Perhaps the most troubling statistic is that more than 5,000 schools in the United States, including some in Hawaii, have fast-food outlets in their cafeterias, and most schools serve their own fast-food versions of offerings at popular junk-food chains. Schools also sign exclusive contracts with soft-drink companies to sell only their products.
In response to the data on childhood obesity in our State, the Hawaii legislature recently passed a resolution authorizing the Department of Education and the Department of Health to gradually introduce healthier snack choices to Hawaii school children. It suggested that these departments negotiate with the companies operating the vending machines on Hawaii school premises to provide at least one healthy juice and one healthy snack such as fresh fruit or trail mix in each machine. The legislature also requested that the Department of Education submit a report to the Legislature by September 1, 2003, on progress made in negotiating healthier choices in the vending machines on Hawaii school premises.
The Genetic Factor
We all know someone who really tries to lose weight but who experiences limited success or loses weight only to gain it all back over time. More than 80% of those who lose weight will gradually regain it unless a life-long weight management program is implemented. Why is it that some people are able to lose weight easily and keep it off while others struggle so? The answer may be genetic factors that influence energy metabolism and result in an inborn susceptibility to gain weight.
Although genes may in part predict weight gain and obesity, the impact of individual lifestyle may be much stronger. In most chronically obese people there exists an imbalance between food intake and physical activity. In short, we do not know yet how to change our genes, but we can change our behavior patterns.
It May Be Hormonal
Valerie Harper, in one of her old "Rhoda" shows, looked longingly at a piece of chocolate cake and said, "why should I bother to eat it? Why don't I just slap it on my thigh, that's where it's going anyway."
Many people are unable to lose weight simply because they have an undiagnosed hormonal imbalance which slows down their metabolic processes. The most common hormonal imbalance connected with weight gain is hypothyroidism. Hypothyroidism is easily diagnosed by a blood test and natural treatment is often quite effective in reversing the condition.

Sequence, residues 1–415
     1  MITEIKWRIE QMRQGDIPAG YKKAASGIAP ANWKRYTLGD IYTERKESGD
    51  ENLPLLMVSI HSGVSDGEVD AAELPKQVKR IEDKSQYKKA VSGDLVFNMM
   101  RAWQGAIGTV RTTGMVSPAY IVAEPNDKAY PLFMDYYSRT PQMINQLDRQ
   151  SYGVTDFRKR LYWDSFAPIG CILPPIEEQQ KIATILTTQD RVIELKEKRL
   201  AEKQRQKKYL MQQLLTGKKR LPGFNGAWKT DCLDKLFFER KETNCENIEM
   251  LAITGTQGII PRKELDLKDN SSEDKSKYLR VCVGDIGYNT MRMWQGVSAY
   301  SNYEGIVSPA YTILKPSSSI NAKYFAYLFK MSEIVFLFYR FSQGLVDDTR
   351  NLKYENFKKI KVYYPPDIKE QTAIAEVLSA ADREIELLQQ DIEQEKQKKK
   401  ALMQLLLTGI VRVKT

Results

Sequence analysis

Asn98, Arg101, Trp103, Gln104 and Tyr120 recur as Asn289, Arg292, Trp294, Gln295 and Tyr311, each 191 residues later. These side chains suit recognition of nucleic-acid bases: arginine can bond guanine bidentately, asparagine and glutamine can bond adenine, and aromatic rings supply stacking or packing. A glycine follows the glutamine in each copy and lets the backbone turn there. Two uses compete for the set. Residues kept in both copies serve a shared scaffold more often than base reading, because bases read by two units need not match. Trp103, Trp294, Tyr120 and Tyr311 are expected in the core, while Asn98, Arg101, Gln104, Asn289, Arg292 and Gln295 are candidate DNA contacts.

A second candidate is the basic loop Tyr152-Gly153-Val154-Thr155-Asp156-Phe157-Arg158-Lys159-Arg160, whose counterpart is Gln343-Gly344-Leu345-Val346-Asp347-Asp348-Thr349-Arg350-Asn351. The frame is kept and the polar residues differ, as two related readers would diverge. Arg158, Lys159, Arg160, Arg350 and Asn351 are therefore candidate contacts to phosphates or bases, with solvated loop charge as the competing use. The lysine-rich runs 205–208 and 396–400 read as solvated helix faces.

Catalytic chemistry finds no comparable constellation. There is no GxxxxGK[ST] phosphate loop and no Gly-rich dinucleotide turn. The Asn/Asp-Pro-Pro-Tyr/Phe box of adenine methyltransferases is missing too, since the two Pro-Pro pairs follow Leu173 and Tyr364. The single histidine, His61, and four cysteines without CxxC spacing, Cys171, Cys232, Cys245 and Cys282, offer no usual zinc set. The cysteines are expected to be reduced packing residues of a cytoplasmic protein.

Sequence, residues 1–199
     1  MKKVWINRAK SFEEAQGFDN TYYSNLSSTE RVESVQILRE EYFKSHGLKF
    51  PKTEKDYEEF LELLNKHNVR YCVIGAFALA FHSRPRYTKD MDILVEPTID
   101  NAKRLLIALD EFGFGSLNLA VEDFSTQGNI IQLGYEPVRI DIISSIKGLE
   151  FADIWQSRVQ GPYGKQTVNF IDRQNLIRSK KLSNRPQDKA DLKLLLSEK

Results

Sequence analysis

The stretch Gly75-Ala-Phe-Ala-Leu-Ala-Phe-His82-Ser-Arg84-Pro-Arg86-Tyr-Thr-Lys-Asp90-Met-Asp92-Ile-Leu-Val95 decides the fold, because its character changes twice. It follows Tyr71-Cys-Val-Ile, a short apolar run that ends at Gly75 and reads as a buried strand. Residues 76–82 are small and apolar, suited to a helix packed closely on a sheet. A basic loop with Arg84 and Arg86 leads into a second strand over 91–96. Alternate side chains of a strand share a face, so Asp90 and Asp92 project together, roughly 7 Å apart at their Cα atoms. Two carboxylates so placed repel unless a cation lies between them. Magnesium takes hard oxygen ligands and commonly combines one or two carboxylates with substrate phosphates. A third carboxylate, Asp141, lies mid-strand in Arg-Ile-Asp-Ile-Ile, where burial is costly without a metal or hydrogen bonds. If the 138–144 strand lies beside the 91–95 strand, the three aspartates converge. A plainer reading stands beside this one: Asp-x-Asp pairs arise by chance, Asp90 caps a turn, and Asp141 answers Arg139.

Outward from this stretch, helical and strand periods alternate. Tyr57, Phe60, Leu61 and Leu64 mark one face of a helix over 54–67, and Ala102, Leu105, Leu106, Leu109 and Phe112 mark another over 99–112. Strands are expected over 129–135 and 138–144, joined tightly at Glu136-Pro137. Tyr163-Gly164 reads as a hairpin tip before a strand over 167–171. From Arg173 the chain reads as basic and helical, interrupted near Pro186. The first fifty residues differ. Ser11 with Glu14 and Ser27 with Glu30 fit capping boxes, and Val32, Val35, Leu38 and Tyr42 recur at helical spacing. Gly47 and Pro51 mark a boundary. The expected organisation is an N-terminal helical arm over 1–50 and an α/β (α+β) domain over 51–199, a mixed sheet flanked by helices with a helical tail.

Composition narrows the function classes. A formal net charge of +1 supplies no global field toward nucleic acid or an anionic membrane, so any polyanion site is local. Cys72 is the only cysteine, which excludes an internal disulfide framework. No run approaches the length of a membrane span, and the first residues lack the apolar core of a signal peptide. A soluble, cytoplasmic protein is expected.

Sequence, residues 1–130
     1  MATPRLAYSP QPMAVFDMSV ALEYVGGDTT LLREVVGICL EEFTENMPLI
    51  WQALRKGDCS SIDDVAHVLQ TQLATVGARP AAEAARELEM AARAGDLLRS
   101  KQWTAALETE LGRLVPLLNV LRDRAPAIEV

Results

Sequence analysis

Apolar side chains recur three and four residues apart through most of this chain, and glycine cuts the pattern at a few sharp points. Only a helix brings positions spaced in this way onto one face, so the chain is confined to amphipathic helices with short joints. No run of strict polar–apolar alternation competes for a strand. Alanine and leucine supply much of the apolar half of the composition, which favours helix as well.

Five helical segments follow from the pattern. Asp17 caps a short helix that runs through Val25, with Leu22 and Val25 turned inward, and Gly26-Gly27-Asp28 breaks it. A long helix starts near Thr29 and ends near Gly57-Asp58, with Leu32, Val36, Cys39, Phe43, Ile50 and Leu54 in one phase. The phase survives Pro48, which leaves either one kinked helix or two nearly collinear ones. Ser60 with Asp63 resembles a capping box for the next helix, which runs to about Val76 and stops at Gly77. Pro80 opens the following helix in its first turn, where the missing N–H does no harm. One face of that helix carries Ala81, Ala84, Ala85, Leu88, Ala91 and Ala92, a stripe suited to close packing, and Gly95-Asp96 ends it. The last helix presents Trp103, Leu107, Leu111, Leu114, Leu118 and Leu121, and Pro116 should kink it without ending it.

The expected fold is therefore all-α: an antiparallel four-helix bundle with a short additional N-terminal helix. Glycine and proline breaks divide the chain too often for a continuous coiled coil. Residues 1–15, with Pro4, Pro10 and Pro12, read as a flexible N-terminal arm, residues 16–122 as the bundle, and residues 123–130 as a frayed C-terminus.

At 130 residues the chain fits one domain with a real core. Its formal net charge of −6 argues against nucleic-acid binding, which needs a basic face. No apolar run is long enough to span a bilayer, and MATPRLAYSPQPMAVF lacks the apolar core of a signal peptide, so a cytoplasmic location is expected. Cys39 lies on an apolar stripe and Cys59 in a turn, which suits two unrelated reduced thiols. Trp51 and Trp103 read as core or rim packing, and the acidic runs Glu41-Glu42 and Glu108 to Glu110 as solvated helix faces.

To recognize that obesity may be due to a metabolic condition rather than a flaw in character is important both for the people who are affected and for society as a whole.
Exercise is Essential
We live in a convenience culture. New inventions and devices (like automobiles, elevators, and remote controls), while simplifying our lives, also are often geared to reduce our amount of physical exertion in accomplishing tasks.
If a person wants to lose weight, they must exercise. There is no "easy" way, no miracle pill. Exercise is the key component of any weight loss program. It helps speed up metabolism, burn calories and may also reduce appetite. Most important: if you are new to exercise, please consult with a health professional before beginning any new regime.
Understanding physiological and modern environmental causes of the high obesity rates in Hawaii is only part of the data that is needed to develop an approach to the problem. What is only hinted at in this article is that part of the situation is rooted in the cultures and traditional foods of Pacific Islanders. In centuries past, people worked hard physically to eke out survival. Calories were burned. In the present, with the addition of fast foods and sedentary lifestyles, obesity crosses all cultural and racial lines. The final answer may lie with relentless education and behavior modification techniques.